Thursday, July 24, 2008

Abizaid Gets It Right

Some interesting comments by former CENTCOM John Abizaid:
What, then, when they get the bomb? "I don't believe Iran is a suicide state," he said. "Deterrence will work with Iran. It is a country of many different power centers that are competing. Despite what their crazy president says, I doubt seriously whether the Iranians are interested in starting a nuclear war." As for the Israelis, Abizaid said "they can take care of themselves up to a point...." but "we and the Israelis are going to have to have a very clear conversation about what we will do if the Iranians develop and field a weapon. Over the next 20 years the relationship will have to go from a de-facto alliance to one of an unmistakable alliance." In other words, the US should extend its nuclear shield over Israel.
Bingo. As I've said before, here, the problem with deterring Iran against Israel is the disparity in the sizes and population concentrations of Iran and Israel. The only way deterrence will work is if Iran knows that it will be extinguished as a state if it attempts to nuke Israel, which will be hard for the Israelis to guarantee on their own, given the size of their survivable nuclear arsenal.

So the answer is obvious: If the US puts up a nuclear umbrella over the the Middle East, we can not only deter attacks but hopefully preempt the proliferation in the first place. In fact, this would be an excellent thing for Bush to do right now; he can take the heat for it and his successor need then only stand by the doctrine. Furthermore, by doing this now, it sends and unambiguous signal to the Iranians that all of the international condemnation they're going to endure over their nukes will be futile, because the US simply will not allow them to gain a strategic advantage through their development. Assuming that Iran is a rational state (which is yet to be proven but most states are indeed rational), this seems like the only way to pry Iran away from its nuclear aspirations, short of bombing.


MannyJ said...

Iran's population, wealth, and especially leadership are pretty centralized in a few cities. Israel can wipe those out just fine with its own arsenal, I don't think it really needs our umbrella.

The real question is not whether Iran will be deterred from a missile launch. It's whether it can be deterred from giving a terrorist group a couple of car-trunk size nukes and a map to Tel Aviv and Haifa. The only reasons I have heard yet against this scenario are:
1) You can track who made a bomb by its radiation signature. I don't really know if this is true, or if it's possible to fool the test.
2) Israel would nuke Iran automatically if that happened, just on general principles. This may or may not be true, Iran may or may not believe it, and if enough ME countries acquire nukes, it will stop being a practical answer.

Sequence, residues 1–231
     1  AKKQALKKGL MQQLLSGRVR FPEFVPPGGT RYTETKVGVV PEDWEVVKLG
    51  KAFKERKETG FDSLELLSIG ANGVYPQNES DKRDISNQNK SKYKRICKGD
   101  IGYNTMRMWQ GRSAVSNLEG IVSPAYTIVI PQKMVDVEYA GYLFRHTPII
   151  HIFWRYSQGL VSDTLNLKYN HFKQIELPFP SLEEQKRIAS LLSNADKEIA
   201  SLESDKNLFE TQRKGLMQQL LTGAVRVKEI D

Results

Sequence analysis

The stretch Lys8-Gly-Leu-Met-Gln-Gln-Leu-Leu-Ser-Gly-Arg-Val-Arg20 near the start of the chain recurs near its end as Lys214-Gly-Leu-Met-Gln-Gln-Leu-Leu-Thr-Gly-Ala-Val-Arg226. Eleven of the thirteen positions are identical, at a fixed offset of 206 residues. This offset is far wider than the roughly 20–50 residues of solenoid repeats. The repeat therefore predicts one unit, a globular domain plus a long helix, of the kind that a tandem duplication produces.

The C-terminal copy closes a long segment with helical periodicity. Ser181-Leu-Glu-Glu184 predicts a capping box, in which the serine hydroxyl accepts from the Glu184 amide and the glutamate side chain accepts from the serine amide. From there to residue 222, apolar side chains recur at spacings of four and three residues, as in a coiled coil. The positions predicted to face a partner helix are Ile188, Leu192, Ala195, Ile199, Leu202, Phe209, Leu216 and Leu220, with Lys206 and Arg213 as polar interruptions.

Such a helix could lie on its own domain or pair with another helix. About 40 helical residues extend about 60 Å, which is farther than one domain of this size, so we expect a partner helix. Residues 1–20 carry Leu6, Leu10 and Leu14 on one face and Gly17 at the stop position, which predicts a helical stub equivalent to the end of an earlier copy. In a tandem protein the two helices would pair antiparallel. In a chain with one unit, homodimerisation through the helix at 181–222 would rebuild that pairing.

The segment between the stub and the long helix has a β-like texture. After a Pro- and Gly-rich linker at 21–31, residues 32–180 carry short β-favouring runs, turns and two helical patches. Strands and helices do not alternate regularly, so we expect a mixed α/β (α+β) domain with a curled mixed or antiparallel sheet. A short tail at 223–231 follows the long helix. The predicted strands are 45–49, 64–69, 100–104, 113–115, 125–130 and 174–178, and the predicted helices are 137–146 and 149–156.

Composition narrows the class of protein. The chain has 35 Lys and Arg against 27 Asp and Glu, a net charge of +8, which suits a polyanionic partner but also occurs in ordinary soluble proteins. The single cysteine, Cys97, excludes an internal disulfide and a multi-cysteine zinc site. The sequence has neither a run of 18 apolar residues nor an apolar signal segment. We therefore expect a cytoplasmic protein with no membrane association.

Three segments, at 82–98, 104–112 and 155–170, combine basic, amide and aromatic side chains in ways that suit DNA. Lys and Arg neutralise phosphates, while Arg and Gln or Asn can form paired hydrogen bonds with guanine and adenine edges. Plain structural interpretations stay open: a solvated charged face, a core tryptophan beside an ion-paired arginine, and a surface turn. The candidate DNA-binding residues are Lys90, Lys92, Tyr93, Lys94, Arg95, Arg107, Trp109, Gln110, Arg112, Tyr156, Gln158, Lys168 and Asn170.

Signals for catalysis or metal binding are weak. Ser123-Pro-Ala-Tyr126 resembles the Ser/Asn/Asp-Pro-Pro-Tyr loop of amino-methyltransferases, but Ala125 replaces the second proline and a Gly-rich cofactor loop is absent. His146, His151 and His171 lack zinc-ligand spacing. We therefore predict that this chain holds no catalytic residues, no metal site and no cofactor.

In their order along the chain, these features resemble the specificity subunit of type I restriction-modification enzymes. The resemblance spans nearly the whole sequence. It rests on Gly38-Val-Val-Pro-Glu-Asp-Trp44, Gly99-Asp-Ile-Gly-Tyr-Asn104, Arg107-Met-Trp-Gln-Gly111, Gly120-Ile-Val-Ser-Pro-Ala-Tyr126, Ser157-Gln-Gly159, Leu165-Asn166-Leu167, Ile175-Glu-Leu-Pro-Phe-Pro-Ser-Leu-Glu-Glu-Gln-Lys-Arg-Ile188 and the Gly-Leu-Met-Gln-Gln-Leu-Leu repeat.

Your thoughts? This worries me a lot, actually.

TheRadicalModerate said...


The stats on Iran's and Israel's demographics are a bit more sobering than you seem to think:

22,072 square kilometers
14 cities with a population of greater than 100,000

10 times Israel's population
75 times Iran's land area
86 cities with a population greater than 100,000

In short Israel is much smaller, with a much smaller population, and a much more concentrated population than Iran. This isn't an issue yet, since Israel probably has hundreds of nukes and can retaliate to Iran's small prospective arsenal. But you probably can't wipe out a country of Iran's size and geographic distribution with even a couple of hundred nukes, whereas Iran can wipe out Israel with fewer than 50, which it is likely to have in a few years.

I worry less about the suitcase nuke scenario for the immediate future: Suitcase nukes are technically hard to build and they have to be tested, which betrays their existence. Nevertheless, things get worse as time passes.

The proper answer is to relieve Israel of the deterrent responsibility. If the US can credibly tell Iran--or any other rogue state--that they get hit in the aftermath of a nuclear attack, irrespective of who actually did it, then those rogue states have a powerful incentive to stop being rogue states. Nothing stops this escalating cycle until everybody believes that the US is really the scariest kid on the block.

MannyJ said...

If the US can credibly tell Iran--or any other rogue state--that they get hit in the aftermath of a nuclear attack, irrespective of who actually did it, then those rogue states have a powerful incentive to stop being rogue states.

Like I said, I think it works just as well if Israel says it as the U.S., but either way, is this a practical answer with so many players? Now you're playing Universal MAD: if any of you use a bomb, you're ALL dead. Let's ignore the risk of nuclear winter and play it out.